Nokia Lumia 820 review: Backup squad
It's easy to appreciate the Nokia Lumia 820 for its build quality and level of equipment, but when you realize it's just the sensible, mid-range package by the Finns, you may even begin to be impressed. As the Windows Phone platform is growing out of its infancy, the more affordable member of the new Lumia duo has a far wider audience to appeal to and it might just be able to grab that chance.
The Nokia Lumia 820 is built to a high standard and its AMOLED screen is well above average. It's a silky smooth performer too and one that has access to the third richest app repository in the business. There's also the free lifetime voice-guided navigation, which adds an extra dimension to the whole package.
As we see it, this still won't be enough to beat the droid army in terms of productivity, especially considering that the Lumia 820 is priced right about the level of droid flagships such as the HTC One X and the Galaxy S III. However, you'd have to be completely new to the smartphone business to expect WP to magically leapfrog the major platforms overnight.
What the Microsoft needs to do now is present itself as a worthy alternative of Android and iOS, offering a safe exit to anyone willing to experience something new without sacrificing any of the core functionality. From that perspective, the Lumia 820 comes in as a great option. It looks cool but its appeal goes beyond appearance. This smartphone knows a few cool tricks to keep you interested.
If you still aren't sold and would rather shop around some more, here's what else your money can get you.
As we said, the Lumia 820 currently costs as much as a Galaxy S III or an HTC One X, both of which offer 720p screens and Android 4.1 Jelly Bean. It's an uneven battle here, but we guess the Lumia 820 won't be in it for long. Its price should settle to a more reasonable level as soon as the availability widens.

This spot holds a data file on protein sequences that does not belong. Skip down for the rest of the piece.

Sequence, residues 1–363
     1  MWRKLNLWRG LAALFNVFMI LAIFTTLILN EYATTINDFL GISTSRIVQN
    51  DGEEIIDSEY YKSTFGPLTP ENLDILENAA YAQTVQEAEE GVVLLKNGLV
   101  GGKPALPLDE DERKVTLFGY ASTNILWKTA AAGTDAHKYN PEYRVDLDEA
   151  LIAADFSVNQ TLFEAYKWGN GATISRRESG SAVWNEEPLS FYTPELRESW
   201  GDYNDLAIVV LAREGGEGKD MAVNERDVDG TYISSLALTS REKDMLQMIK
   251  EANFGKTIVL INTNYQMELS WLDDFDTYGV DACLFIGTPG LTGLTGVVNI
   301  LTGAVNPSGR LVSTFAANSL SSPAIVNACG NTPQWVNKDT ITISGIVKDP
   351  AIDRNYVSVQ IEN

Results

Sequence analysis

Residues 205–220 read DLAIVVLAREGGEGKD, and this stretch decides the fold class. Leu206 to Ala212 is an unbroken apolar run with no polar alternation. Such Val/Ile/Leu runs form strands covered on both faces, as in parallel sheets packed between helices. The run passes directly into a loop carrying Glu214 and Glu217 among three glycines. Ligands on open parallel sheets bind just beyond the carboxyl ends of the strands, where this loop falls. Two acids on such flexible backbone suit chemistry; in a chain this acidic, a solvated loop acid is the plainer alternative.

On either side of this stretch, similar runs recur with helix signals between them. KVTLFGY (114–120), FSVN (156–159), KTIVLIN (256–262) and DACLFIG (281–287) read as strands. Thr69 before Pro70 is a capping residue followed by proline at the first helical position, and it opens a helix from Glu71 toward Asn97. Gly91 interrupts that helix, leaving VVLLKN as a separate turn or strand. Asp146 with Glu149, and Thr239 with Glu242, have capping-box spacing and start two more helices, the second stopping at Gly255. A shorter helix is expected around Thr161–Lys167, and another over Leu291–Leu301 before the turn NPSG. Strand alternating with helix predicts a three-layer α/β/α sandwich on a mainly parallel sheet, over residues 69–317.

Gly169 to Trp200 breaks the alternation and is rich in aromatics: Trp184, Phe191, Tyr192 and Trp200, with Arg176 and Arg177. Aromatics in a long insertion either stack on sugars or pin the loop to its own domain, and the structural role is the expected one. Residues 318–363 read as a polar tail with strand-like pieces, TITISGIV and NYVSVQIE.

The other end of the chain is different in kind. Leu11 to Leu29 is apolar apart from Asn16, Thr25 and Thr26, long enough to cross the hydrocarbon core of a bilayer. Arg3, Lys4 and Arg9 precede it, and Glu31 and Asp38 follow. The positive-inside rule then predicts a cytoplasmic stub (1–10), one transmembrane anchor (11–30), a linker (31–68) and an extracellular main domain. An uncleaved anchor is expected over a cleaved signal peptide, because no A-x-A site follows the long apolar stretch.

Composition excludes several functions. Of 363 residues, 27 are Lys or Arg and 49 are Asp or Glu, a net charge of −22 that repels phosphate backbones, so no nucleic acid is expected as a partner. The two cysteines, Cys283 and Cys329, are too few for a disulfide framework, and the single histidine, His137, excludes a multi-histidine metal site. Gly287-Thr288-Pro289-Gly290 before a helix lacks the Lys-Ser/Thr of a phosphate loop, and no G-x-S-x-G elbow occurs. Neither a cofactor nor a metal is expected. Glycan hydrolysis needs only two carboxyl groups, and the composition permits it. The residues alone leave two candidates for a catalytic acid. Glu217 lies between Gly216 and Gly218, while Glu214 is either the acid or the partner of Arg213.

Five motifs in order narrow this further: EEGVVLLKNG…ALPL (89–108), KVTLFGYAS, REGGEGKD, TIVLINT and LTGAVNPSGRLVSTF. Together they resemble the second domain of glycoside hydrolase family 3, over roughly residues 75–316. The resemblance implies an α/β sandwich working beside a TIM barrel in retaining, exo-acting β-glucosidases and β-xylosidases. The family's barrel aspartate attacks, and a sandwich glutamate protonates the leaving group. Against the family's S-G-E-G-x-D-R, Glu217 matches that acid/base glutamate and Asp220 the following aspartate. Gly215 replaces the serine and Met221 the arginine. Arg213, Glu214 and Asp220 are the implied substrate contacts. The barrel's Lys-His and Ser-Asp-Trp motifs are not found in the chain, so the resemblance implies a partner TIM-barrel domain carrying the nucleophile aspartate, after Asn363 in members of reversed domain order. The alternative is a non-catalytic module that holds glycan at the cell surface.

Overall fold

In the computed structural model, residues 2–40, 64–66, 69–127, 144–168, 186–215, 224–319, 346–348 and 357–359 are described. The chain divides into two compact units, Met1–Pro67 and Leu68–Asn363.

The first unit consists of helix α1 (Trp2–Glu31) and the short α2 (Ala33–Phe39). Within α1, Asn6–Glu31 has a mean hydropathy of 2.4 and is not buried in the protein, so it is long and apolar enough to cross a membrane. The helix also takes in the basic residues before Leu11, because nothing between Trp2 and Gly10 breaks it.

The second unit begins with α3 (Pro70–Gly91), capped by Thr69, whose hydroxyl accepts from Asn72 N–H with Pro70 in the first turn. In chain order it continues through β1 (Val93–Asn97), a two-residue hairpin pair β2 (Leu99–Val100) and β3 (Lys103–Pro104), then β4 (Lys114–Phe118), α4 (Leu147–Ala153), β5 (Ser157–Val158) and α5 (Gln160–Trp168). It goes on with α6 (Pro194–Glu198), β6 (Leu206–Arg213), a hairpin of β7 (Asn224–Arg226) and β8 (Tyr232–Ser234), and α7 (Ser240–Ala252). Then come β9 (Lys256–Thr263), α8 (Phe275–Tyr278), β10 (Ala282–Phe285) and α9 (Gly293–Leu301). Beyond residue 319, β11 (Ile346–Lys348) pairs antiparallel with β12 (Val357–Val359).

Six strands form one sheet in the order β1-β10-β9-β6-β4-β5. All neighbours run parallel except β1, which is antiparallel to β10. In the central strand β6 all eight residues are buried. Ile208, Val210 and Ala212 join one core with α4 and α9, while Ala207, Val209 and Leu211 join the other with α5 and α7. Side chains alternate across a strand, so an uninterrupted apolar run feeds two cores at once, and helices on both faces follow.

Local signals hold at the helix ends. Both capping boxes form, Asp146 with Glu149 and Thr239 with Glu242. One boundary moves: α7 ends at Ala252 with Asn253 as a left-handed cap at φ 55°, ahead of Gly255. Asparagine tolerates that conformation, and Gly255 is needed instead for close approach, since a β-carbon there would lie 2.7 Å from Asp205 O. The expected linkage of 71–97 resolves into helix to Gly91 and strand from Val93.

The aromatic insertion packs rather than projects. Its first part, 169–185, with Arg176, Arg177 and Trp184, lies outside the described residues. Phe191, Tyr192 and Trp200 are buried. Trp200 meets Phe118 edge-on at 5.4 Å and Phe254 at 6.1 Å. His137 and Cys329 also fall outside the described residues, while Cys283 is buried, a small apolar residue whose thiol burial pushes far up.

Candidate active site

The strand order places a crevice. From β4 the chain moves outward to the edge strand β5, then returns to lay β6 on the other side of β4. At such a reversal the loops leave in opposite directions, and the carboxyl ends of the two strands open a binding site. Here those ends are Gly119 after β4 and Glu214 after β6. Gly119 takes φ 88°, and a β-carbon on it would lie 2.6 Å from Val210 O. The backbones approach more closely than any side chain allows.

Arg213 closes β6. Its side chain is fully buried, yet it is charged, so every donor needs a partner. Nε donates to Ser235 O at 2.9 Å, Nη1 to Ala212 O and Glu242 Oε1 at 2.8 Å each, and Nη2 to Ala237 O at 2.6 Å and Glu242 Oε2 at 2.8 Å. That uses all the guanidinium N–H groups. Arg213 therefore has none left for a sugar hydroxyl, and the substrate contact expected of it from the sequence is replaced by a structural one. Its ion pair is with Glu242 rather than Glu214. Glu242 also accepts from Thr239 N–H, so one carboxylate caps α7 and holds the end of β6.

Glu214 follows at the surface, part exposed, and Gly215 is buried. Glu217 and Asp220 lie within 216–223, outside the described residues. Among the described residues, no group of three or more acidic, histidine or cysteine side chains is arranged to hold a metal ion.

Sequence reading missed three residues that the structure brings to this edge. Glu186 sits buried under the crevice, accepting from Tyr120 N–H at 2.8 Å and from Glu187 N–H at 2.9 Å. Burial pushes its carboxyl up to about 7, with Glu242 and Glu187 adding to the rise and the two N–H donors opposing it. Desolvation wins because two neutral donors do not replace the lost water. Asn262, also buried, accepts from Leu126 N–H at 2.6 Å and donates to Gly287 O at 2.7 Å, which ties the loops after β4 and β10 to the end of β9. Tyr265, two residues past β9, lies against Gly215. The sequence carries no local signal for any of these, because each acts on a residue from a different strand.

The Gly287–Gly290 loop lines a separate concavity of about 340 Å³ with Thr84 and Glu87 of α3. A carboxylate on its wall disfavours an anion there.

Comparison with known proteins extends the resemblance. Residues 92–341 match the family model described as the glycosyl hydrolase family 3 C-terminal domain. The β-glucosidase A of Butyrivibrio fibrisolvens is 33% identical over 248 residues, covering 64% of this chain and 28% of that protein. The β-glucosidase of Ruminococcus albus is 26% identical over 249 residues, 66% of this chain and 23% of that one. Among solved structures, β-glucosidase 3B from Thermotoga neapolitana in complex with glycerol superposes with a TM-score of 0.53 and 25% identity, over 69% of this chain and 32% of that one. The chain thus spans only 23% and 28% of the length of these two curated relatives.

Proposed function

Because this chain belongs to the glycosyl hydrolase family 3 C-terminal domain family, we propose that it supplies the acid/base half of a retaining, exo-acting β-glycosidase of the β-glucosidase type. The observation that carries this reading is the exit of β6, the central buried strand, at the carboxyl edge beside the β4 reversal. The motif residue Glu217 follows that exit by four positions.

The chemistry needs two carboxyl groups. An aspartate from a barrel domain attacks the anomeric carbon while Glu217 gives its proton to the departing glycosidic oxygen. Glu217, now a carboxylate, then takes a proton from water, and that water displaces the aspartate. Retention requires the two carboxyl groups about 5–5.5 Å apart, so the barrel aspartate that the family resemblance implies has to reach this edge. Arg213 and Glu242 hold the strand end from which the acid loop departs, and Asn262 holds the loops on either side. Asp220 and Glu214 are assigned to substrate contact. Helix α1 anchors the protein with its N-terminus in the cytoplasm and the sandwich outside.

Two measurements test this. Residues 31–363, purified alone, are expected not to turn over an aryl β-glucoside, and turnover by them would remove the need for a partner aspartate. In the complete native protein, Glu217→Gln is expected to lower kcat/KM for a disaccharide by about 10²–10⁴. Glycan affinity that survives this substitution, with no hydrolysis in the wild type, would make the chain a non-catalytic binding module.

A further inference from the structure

Eventually, the Lumia 820 will end up in the less intimidating company of the Samsung Galaxy Premier, the Sony Xperia S, the HTC One S and the Motorola RAZR M. Those three offer a choice of better screens and superior finish, on top of being more versatile and having better app stores.
However the Lumia 820 has a few tricks up its sleeve too - both in terms of features (free Sat Nav, Office package) and aesthetics (the Modern UI is brilliantly simple).
The Google Nexus 4 might turn out to be the real game changer here. It boasts far superior hardware than the Lumia 820 and after-sale support to match that of the Finns. It also costs as low already as the Lumia 820 is ever likely to drop. However, LG and Google will really have to address the supply shortages if they are to really make an impact.
Finally, the Lumia 820 faces some competition within its very own WP camp. However, no two current WP8 smartphones have the same level of equipment. It's arguable whether it's a conscious move to make sure they don't cancel each other out, or a coincidence, but the Nokia Lumia 820 doesn't seem to have a direct rival. It slots in instead between HTC's Windows Phone 8X and Windows Phone 8S. These two are you best options if you are looking to move slightly up or down the WP ladder.
The Nokia Lumia 820 is a solid smartphone - a massive update over any of the first generation of Finnish WP devices, it has a better shot at competing with its Android rivals. The Google-powered competition still has a comfortable lead and even the huge leap Microsoft's platform has taken, combined with Nokia's design expertise, isn't enough to overturn the status-quo overnight. On the other hand, things are closer now than they have ever been. The Lumia 820 brings Windows Phone another step closer to the moment when it will no longer be just a fresh looking alternative, but the prime choice for power users.
And Apple shouldn't lower its guard either - the Nokia Lumia 820 is a midrange smartphone that was never supposed to threaten the iPhone, but its bigger brother, the Lumia 920 might have a thing or two to say about it.